Let’s start blazing.
We’ll take some help from Cannigma. Below is their introduction to the topic.
“The gateway drug theory refers to the idea that using a substance — typically marijuana — eventually leads to the use of other, more dangerous substances. In other words, it argues that a teenager may think that marijuana is harmless but it will set them down a path that ends in hard drugs. Claiming it is a clear case of cause and effect, proponents of the theory do not take into account any societal, family, mental health, or cultural factors that may make one more likely to use hard drugs. They also don’t address the notion that correlation does not equal causation.”
“Correlation does not mean causation” – this is the central fact that underlies the discipline of data science as well.
For example: if the data says that in a particular region, the number of homicide rates have gone up in tandem with the rise of registered cannabis users – then does that mean using cannabis caused a rise in homicide rates? If, say, the number of cocaine users have increased in tandem with the number of cannabis users, then does that mean using cannabis caused the users to use cocaine as well?
It’s very debatable, and only true when the same cannabis users are also using cocaine, which is not very likely because cocaine users would tend to prefer only cocaine or crack cocaine for their fix, and not cannabis which is much much milder.
Let’s think and move ahead to other meaningful narratives.
Which is the most used substance in the world for recreational purposes?
WHO says – “Cannabis is by far the most widely cultivated, trafficked and abused illicit drug. Half of all drug seizures worldwide are cannabis seizures. The geographical spread of those seizures is also global, covering practically every country of the world.”
So, what the cannabis prohibitionists and naysayers are actually saying is this: All the number of cocaine users and all the number of heroin users plus all the number of pharmaceutical opioid users started using cocaine, heroin and synthetics because of their cannabis use.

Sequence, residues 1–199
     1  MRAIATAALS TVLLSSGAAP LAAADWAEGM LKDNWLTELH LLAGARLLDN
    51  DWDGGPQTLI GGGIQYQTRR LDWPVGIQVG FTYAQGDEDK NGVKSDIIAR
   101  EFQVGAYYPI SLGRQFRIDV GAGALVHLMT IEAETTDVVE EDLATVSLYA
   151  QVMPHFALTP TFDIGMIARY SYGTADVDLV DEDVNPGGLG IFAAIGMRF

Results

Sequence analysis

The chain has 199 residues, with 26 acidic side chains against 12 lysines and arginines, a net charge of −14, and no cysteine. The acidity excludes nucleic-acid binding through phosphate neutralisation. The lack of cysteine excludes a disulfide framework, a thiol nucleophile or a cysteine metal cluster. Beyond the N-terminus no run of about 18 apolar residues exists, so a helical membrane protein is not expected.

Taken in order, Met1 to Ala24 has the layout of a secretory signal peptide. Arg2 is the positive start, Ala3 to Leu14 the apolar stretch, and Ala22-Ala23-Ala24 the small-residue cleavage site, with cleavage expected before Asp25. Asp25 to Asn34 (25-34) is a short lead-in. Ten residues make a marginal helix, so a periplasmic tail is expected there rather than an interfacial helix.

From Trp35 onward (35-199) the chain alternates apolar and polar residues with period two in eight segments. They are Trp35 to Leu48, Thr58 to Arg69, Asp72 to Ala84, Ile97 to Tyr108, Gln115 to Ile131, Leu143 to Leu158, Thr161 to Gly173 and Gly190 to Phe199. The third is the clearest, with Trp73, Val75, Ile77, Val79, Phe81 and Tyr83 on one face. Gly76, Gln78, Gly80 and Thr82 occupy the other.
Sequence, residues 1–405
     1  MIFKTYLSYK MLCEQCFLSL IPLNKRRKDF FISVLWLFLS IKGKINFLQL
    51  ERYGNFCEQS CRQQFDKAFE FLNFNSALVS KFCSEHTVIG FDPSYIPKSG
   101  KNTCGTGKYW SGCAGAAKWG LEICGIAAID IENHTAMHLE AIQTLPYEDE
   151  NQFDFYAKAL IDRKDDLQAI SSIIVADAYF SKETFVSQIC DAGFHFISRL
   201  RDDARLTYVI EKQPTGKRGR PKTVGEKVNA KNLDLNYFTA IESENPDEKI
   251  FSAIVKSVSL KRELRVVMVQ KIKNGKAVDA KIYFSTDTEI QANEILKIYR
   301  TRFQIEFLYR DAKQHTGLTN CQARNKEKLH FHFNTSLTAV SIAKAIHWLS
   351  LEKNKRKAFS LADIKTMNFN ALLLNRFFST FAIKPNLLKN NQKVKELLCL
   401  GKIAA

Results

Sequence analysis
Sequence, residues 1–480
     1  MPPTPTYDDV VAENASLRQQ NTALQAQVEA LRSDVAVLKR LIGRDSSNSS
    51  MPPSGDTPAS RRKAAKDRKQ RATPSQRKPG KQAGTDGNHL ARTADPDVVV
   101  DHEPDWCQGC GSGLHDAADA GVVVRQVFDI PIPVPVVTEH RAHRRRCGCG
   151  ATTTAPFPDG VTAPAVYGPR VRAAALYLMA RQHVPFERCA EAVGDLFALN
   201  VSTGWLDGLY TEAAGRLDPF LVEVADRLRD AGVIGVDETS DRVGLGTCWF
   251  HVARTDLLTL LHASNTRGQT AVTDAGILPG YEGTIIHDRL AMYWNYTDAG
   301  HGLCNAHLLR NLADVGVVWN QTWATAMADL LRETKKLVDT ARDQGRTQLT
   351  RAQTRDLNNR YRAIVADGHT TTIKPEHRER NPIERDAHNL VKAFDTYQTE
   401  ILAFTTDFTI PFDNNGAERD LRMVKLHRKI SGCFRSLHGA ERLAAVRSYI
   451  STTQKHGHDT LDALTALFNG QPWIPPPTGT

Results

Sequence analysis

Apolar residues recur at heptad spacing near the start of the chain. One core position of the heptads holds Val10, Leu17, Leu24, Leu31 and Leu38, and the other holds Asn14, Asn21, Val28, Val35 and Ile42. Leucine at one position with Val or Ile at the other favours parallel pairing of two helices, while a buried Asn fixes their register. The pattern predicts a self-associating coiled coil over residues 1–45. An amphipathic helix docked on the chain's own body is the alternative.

It is easy to summarize what the prohibitionists want us to think:
- All cannabis users are more likely to use cocaine
- All cannabis users are more likely to use heroin and so on
“Some people are more likely to try drugs than others, and people who are willing to try drugs are more willing to try multiple drugs. Therefore, because marijuana is the most widely available and used illicit substance in the world, people who have used less popular drugs like cocaine or heroin are more likely to have first used marijuana than those who have not experimented with other drugs. Or to put it more simply, “people who have used other drugs are more likely to have also used marijuana. Not the other way around.”
“Other factors such as a person’s social environment, are critical in their risk for drug use and that an alternative theory to the gateway drug hypothesis is that “people who are more vulnerable to drug-taking are simply more likely to start with readily available substances such as marijuana, tobacco, or alcohol, and their subsequent social interactions with others who use drugs increases their chances of trying other drugs.”
It cannot be more clear than this, and yet somehow it feels very non-intuitive for many people to grasp. We simplify everything again and summarize, before you go off to debate against a cannabis prohibitionist:
- A human being is a product of many things: parental outlook towards life, socio-economic conditions while growing up, childhood trauma or other incidents, immediate social circle while growing up, education level etc.
- Cannabis is very easily available and grows all over the world and hence cannabis, along with tobacco and alcohol is obviously more likely to be tried by people first
- Going further, it’s the individual’s life interactions that dictate his or her future drug use, whether he or she moves beyond cannabis or not
- It is not right to say that cannabis use caused an individual to go for harder drugs.
- Rather there is scientific evidence to show that cannabis use actually prevents people from going ahead to harder drugs because cannabis effectively helps individuals control their mental outlook towards life without needing to depend on anything else
Let’s keep blazing.